Text by Andrew Cohen, with images from Parks Canada
Toronto: Dundurn CDN$29.99
Reviewed by Russell A. Potter
The story of the rediscovery of the wreck of HMS Investigator by Parks Canada in the frozen waters of Mercy Bay in July of 2010 captured the imagination of the world, and evoked the 'heroic age' of Arctic exploration in a way no other recent event has managed. In part, this is due to the way in which a ship, even in its watery grave, evokes the endeavor of exploration with far more gravity and magnificence than any recent discoveries on land have done (last summer's toothbrush, found at Erebus Bay, comes to mind). But it's also due to the fact that the Parks Canada team was uniquely positioned to undertake a thorough on-site survey of the wreck, and to transmit the news and images of their discovery via the Internet and the news media almost as they were happening. And, it should be mentioned, the chief reason that the archaeologists on the site had the kind of support and media access that they did was largely due to the predilection of the then and present Government of Canada for the symbolic significance of the Franklin expedition and those who searched for it, particularly in relation to the issue of Arctic sovereignty. This is not the place to debate the wisdom of that policy -- historians and the public must be grateful for the commitment of any kind of support to archaeological research of this kind -- but still, there is a certain irony surrounding the fact that, outside of Ryan Harris's team who features in this book, Parks Canada's archaeological staff has suffered from significant losses in funding and personnel.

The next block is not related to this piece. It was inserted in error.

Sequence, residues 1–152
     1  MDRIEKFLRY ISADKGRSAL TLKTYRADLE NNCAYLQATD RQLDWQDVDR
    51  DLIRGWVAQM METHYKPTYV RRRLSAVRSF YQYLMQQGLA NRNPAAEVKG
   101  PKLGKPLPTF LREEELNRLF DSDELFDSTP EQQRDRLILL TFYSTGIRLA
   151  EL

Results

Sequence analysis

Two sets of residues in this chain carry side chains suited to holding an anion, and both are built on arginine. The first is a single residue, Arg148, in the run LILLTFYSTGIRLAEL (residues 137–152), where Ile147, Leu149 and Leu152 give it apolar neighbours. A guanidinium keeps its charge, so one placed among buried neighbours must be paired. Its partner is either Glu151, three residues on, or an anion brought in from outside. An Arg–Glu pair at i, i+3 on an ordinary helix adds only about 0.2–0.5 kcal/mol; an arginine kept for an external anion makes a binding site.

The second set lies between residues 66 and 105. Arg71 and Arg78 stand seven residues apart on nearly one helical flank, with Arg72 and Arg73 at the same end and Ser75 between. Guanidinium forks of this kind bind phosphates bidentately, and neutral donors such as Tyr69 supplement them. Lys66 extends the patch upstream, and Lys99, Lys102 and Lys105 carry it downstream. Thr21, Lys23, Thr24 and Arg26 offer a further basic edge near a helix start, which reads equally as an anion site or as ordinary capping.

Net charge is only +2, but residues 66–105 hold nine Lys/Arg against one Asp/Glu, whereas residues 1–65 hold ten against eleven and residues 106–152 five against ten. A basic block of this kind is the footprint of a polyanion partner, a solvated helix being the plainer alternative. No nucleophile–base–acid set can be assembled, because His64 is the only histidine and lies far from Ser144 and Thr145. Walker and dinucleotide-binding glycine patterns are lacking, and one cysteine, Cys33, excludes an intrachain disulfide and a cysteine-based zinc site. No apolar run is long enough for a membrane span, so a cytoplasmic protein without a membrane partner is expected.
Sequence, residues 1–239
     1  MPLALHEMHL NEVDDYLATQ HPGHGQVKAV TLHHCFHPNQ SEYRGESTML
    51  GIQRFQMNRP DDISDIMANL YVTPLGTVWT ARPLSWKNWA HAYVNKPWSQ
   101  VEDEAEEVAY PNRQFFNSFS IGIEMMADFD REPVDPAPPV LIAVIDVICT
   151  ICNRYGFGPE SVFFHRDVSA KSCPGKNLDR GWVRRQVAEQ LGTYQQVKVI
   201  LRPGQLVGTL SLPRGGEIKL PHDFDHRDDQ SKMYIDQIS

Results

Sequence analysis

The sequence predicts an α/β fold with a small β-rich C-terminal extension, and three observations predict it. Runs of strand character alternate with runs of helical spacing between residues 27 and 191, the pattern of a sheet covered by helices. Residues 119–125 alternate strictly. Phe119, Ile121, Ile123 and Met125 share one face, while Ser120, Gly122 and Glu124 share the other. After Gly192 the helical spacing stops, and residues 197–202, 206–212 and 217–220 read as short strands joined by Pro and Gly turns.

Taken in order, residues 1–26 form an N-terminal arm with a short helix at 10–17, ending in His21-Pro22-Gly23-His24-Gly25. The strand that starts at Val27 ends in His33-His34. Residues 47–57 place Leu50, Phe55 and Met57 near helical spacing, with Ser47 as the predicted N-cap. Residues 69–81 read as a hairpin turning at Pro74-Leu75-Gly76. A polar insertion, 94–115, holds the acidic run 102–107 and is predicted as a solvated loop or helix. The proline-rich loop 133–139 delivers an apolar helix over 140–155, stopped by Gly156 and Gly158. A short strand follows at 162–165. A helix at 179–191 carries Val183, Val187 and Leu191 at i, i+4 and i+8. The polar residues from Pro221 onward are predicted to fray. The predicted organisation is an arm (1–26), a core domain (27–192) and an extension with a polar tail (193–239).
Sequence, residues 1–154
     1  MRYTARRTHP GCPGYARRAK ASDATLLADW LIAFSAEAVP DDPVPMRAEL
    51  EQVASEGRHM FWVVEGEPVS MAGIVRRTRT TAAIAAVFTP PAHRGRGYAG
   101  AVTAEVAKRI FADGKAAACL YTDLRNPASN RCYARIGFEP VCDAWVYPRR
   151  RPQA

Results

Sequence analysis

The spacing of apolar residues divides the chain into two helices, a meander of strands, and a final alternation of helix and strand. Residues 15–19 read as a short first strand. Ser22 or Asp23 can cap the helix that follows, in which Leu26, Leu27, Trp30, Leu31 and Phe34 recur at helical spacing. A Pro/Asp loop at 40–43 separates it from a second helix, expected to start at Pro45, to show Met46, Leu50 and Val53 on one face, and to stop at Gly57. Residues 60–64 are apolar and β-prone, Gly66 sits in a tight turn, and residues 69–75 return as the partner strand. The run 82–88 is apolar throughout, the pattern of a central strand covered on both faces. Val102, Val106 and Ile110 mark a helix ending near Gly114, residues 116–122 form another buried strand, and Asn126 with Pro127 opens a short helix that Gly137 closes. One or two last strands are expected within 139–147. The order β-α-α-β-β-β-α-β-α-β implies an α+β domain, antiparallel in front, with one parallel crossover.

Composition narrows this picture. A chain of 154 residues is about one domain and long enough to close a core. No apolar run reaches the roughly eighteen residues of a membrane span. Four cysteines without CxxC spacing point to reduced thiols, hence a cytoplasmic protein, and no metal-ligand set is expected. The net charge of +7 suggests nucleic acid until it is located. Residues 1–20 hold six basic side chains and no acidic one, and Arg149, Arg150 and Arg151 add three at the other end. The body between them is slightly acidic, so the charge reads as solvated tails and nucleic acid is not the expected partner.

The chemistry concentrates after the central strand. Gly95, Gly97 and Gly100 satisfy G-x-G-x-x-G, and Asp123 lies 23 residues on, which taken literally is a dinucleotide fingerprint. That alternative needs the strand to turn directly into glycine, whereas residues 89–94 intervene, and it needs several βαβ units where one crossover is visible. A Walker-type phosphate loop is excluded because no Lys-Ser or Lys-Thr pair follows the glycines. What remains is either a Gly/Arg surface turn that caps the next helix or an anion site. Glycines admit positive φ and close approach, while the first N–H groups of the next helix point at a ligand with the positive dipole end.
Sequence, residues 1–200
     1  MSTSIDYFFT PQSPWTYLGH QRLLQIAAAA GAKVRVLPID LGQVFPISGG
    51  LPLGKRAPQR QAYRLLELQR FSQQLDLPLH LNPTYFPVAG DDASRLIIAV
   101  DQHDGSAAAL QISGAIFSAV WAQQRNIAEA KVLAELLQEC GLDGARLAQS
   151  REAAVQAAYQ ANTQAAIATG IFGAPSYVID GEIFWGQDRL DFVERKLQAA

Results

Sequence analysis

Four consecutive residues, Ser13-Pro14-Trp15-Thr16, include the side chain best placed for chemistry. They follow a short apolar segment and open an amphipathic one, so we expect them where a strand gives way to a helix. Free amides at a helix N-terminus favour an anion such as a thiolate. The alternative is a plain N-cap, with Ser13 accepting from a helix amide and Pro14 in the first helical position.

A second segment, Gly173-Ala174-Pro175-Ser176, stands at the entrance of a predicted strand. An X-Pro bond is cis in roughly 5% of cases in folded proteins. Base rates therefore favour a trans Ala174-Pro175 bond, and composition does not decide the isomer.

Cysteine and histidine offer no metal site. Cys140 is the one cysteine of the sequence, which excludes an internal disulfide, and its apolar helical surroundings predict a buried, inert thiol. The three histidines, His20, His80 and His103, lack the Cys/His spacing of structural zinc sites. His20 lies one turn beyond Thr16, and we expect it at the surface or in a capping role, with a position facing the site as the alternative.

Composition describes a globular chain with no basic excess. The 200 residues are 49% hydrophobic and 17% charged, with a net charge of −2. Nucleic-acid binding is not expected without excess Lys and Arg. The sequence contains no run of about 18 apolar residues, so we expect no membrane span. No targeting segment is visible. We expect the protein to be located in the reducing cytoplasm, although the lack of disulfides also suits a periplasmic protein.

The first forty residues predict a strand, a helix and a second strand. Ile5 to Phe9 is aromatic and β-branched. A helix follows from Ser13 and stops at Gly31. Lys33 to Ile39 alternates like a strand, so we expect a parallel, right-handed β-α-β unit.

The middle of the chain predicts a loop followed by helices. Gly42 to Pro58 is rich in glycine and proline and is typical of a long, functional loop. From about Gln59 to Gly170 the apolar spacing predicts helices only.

That said, this is a glorious book, primarily for its beautifully-printed illustrative materials, which include many of the paintings of Lieutenant Gurney Cresswell, which until now were not readily available together, nor reproduced at such a generous scale. The original Admiralty schematics for HMS Investigator herself are also reproduced as double-page illustrations, along with images of some of the letters sent conveying the news of McClure's eventual rescue, and other materials of the day. The modern photographs, although they don't reveal new findings, are reproduced with excellent resolution, and possess a drama in the hand that's missing when the same images are viewed upon a screen. The overall quality of production is very high, and there's no other book of its kind that so dramatically evokes the hazards of Arctic navigation in the nineteenth century. I certainly can't imagine a more welcome holiday gift for any exploration buffs on one's list.
The text, alas, is somewhat less enlightening; while Andrew Cohen has exercised considerable skill in briefly recounting the voyage, the ship's imprisonment in the ice, and eventual abandonment, his lurid patches of language sometimes undercut the story's own intrinsic drama. He's more journalist than historian, which is fine insofar as the book quickly acquaints the reader, in broad strokes, with the history of Arctic exploration in Britain, the reasons the Franklin expedition was dispatched, and McClure's own role in the search for its missing ships. Those deep in the throes of what I like to call 'Franklinomania' will find nothing new, but then, the text isn't really meant for them. They will, however, find the illustrations and photographs as -- or perhaps even more -- valuable than the proverbial thousand words.